If you open up app.py in a text editor, you’ll see lines with country names in them. They can be modified to add or remove countries. To add new countries, run the code at least once so that the CSV dataset gets downloaded to the folder you’re in. Then, open up the CSV file in Excel, and search it to find the line number. If you don’t have excel, you can use grep to search for a country name, for instance the following command reveals that Italy is in row 139 in the CSV file:

 

grep -ni "Italy" *.csv

 

Kiosk Mode

If you have a screen to attach to a Pi (either via the HDMI connector, or a plug-on display such as the Pi Capacitive Display or any of the various plug-on displays, then the Pi can be set up so that it automatically does just one task – display the chart. This is ideal if you wish to permanently dedicate a Pi and display for this purpose – perhaps as an information board with future enhancements.

 

To convert the Pi to work as a standalone kiosk-type appliance, follow the steps here: Home Automation in the UK Simplified, Part 2: Raspberry Pi and Touch Display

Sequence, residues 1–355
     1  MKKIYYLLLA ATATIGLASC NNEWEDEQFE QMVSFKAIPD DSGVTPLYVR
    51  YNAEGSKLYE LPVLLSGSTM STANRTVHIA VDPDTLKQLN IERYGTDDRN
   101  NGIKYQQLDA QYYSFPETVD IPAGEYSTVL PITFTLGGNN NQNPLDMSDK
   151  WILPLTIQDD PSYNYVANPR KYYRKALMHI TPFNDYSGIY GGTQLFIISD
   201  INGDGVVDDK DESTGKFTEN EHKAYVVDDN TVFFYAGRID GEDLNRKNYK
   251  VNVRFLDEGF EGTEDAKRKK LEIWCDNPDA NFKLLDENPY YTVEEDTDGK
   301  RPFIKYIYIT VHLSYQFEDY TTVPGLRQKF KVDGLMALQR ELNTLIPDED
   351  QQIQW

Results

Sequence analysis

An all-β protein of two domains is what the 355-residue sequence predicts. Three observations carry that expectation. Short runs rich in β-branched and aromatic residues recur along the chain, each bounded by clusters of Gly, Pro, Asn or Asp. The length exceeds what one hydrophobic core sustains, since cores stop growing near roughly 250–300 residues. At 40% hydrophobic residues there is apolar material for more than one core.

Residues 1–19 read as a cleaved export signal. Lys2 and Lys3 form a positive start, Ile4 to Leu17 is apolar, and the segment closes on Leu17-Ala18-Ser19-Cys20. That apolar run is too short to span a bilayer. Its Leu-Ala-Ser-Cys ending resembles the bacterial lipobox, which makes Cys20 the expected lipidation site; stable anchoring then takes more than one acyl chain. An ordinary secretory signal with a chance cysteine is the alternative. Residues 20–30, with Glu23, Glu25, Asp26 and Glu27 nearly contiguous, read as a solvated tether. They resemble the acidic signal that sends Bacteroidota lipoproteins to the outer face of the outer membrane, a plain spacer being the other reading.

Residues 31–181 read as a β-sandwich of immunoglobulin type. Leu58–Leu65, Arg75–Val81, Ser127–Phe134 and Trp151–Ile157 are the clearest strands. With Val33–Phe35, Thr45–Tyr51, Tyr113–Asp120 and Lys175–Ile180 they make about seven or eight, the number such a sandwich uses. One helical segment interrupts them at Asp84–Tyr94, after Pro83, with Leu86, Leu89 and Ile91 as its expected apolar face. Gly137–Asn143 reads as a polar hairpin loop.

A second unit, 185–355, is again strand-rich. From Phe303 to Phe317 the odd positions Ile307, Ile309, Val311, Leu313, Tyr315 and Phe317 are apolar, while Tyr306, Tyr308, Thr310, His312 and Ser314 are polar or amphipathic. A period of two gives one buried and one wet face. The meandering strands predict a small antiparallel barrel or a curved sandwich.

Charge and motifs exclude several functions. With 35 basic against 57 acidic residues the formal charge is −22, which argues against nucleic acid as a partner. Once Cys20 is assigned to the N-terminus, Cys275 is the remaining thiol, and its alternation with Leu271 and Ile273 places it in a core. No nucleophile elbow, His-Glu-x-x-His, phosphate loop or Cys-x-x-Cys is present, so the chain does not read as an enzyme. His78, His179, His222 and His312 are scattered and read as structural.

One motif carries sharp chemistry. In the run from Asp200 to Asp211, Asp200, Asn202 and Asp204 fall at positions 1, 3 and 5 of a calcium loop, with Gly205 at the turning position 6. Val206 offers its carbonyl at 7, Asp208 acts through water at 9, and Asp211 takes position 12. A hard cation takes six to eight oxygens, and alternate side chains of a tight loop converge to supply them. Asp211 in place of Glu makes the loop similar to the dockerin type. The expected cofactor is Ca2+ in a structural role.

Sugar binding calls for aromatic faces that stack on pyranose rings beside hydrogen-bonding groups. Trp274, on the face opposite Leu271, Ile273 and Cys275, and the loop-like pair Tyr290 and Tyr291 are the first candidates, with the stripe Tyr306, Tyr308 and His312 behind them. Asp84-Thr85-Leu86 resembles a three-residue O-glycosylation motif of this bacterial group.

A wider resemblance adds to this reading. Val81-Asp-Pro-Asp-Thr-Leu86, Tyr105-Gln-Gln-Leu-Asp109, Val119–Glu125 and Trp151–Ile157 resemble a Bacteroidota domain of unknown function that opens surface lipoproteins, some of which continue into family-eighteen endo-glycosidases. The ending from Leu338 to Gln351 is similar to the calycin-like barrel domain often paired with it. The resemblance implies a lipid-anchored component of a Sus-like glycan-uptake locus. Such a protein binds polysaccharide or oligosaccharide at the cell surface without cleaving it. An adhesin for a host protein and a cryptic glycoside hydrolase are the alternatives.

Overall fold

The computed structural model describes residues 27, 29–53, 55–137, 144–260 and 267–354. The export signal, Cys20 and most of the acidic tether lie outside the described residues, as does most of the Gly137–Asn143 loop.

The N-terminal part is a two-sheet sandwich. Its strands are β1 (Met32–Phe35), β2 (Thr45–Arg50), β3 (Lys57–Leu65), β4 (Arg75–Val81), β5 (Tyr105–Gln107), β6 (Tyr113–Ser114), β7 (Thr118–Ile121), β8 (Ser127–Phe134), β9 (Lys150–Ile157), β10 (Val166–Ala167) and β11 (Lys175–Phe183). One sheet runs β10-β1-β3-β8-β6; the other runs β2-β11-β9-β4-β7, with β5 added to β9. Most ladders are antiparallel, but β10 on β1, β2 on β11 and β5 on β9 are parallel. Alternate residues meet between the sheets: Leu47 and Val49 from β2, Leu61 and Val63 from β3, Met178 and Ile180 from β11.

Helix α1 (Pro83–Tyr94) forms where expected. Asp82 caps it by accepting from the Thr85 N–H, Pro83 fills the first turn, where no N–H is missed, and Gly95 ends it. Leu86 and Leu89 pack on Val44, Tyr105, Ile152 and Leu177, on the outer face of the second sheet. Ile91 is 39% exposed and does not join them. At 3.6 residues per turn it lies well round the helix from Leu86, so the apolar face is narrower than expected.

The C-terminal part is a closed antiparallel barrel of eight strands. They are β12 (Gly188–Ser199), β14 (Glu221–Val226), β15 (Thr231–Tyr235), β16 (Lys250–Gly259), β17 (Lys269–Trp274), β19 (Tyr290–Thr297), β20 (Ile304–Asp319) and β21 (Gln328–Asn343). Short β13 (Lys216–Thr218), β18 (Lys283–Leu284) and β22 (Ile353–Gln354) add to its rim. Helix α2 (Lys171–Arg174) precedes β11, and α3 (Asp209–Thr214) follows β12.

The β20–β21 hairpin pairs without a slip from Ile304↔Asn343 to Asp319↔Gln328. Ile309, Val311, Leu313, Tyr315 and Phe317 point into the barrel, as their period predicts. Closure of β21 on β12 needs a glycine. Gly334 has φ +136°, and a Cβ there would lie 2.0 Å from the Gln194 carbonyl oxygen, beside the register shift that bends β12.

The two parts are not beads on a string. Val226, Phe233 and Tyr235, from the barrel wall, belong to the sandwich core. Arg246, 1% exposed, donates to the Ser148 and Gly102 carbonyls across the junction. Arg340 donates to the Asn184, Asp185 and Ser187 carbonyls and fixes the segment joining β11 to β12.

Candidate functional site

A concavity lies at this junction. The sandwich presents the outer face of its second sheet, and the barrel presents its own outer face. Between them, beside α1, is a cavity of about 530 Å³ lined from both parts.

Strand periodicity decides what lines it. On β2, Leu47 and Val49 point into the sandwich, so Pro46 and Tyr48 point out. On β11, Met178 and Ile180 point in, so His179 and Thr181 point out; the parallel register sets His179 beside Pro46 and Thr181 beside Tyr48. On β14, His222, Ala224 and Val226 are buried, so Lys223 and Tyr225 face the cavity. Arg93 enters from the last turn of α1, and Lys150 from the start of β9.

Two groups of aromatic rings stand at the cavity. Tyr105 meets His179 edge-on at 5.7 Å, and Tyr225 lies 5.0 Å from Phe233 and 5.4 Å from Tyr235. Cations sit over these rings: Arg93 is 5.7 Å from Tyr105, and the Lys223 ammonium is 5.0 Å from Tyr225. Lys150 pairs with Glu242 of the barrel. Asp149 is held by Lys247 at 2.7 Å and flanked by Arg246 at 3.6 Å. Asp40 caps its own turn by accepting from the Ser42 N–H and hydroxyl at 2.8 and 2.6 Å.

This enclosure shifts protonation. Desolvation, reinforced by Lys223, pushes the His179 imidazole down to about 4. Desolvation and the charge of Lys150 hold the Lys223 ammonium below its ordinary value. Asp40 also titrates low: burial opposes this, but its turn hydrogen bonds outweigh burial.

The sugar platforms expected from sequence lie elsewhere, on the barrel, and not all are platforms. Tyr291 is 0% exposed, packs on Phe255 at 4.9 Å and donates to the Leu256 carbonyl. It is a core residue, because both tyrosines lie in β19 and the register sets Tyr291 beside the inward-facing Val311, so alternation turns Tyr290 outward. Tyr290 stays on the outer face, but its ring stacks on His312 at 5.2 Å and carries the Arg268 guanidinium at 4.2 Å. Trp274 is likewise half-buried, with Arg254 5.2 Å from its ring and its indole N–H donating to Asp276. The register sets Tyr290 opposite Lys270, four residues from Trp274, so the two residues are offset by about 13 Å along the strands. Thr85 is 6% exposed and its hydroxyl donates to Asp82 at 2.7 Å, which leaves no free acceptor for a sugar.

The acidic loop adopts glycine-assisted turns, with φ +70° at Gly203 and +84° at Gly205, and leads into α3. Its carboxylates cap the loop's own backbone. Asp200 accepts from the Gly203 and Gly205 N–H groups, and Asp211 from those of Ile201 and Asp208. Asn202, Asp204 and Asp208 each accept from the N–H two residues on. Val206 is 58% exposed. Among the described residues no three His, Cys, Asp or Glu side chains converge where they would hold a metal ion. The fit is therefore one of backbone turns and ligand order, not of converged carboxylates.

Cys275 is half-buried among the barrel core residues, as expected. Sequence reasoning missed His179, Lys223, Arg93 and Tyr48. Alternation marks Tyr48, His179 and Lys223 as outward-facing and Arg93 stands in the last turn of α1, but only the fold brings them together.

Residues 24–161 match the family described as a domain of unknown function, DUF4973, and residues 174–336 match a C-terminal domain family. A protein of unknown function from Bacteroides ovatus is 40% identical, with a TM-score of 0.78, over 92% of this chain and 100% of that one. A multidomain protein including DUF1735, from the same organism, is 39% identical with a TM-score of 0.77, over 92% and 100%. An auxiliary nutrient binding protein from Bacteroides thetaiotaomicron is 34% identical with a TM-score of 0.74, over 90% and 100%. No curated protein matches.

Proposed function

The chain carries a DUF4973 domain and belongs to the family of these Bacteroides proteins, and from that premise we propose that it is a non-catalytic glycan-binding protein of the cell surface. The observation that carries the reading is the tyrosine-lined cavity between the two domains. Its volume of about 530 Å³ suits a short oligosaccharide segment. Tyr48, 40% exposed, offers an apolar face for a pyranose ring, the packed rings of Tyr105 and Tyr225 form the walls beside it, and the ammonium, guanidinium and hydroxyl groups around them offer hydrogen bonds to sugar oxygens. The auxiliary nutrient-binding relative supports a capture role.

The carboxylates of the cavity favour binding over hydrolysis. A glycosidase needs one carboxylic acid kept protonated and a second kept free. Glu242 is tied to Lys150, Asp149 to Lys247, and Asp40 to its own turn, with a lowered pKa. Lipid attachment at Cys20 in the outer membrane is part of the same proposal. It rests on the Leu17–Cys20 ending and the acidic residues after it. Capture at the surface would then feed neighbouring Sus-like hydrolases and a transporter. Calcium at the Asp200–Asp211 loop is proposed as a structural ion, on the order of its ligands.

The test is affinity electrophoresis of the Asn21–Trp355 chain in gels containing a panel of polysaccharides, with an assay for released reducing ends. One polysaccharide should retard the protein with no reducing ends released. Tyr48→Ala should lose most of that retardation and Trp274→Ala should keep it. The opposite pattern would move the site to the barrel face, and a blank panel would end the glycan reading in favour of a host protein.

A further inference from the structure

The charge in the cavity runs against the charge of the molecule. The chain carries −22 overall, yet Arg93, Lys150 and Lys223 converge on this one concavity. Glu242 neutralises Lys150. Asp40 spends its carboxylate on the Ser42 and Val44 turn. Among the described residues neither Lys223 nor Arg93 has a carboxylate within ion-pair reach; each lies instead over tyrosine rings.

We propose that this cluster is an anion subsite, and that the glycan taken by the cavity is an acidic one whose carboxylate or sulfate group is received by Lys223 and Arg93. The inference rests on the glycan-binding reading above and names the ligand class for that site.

in the section titled Building a ‘kiosk mode’ for the Pi and Display. Ignore the initial steps related to Node-RED.

 

Incidentally, in the file called midori_start.sh, you can replace the text http://127.0.0.1:1880/ui with a news URL such as (say) http://www.bbc.co.uk/news if you wanted your kiosk mode device to permanently display the news. For this project, the Pi will display a chart instead.

 

Issue the following commands. The aim is to create a startup script that will run the Python code:

 

cd ~
cp midori_start.sh app_start.sh

 

Edit the app_start.sh file and replace the last line with the following two lines:

 

cd ~/development/covid/coronachart1
/usr/bin/python3 ./app.py

 

Next, edit your .bashrc file. Replace this line:

 

xinit ./midori_start.sh

 

with:

 

xinit ./app_start.sh

 

Now whenever the Pi is restarted (as superuser use the shutdown or reboot command!) the Pi will automatically display a progress bar as it waits for the network connectivity to become available, and then it will run the Python application which will download the latest data and chart it.

 

If you have a touchscreen, there are controls at the bottom of the display to be able to perform pan and zoom by then touching and dragging in the chart area.

 

Doing Useful Things with it

I hope people can make use of the kiosk chart or news facilities to present information in store windows. It would be great to hear if people manage to represent the news information in a readable manner, or translated into different languages for those who will be feeling lost in those countries where governments are not making the effort to assist them.

 

Also, please share any interesting code modifications, as well as any interesting charts you generate, here and to other friends so they can see useful information too.

 

Thanks for reading!